Language acquisition is at first glance one of the most difficult learning tasks which infants have to face; yet children learn to speak without any apparent effort. How do they reach this competence? Language is a complex system and it is difficult to disentangle the role of multiple factors involved in its acquisition. For this reason, researchers have looked more and more to artificial grammar learning paradigms (see Photos, 2007 and Folia et al., 2010 for a review). In this context participants are exposed to structured material following certain regularities. These regularities mimic aspects of natural language structures but are simplified relative to the realistic language learning conditions. Our project exploits this principle and aims to investigate which kind of information facilitates regularities’ extraction. In particular, we study the capacity to extract regularities based on one of the most salient principles of grammar (Chomsky, 1957), namely the hierarchical organization. Multiple factors which may contribute to language acquisition are examined; in particular, the role of prosody and the role of semantics are taken into account. This project aims to contribute to the debate about adults’ capacity to extract complex rules from the input (i.e., bi-conditional rule based on constituents’ structure), and the mechanisms involved in this task.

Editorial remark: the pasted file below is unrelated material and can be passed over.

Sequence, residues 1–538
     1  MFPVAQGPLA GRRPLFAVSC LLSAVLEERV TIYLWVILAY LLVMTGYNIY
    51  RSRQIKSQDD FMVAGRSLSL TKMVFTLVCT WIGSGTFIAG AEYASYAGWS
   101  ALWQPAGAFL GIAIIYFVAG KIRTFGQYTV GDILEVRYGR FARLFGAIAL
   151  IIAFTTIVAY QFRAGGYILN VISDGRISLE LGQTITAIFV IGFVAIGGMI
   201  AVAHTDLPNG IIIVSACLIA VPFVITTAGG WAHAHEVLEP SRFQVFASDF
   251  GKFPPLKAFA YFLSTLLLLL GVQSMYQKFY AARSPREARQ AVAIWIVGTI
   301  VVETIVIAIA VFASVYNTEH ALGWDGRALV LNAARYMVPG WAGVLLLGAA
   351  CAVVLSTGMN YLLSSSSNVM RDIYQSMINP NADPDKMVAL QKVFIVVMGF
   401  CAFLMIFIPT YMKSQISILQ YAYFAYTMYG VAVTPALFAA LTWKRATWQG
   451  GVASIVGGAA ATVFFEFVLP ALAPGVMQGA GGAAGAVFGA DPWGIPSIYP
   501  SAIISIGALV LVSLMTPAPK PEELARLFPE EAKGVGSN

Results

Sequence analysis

The acquisition of word order and subordination
Children’s first utterances already respect the basic word order of their language. However, the initial nature of the underlying syntactic representations of word order, i.e. head-complement order, remains unclear. Whereas data from preferential looking paradigms (e.g. Hirsh-Pasek & Golinkoff, 1996 ; Gervain et al, 2006) suggest abstract word order knowledge during the second year of life (grammatical hypothesis), Weird Word Order studies (e.g. Abbot-Smith et al, 2001; Matthews et al, 2005; Matthews et al, 2007) postulate evidence for verb-specific, lexically encoded word order until age 4 (constructivist hypothesis). In order to decide between those contradictory hypotheses, we conduct language comprehension experiments using pseudo-verbs which combine both experimental paradigms. Our aim is to examine the word order format in 19-month-old French and Japanese children, two languages which show an opposite canonical word order (NVN and NNV respectively). This approach is interesting from a cross-linguistic point of view, comparing a language rich in case marking morphemes (Japanese) with another one without case marking (French), and will give us insight about how young infants interpret grammatical and ungrammatical sentences in their language. First findings indicate that as early as 19 months, infants have an abstract representation of word order of the target language, supporting the grammatical hypothesis.
The role of executive control in the acquisition of syntax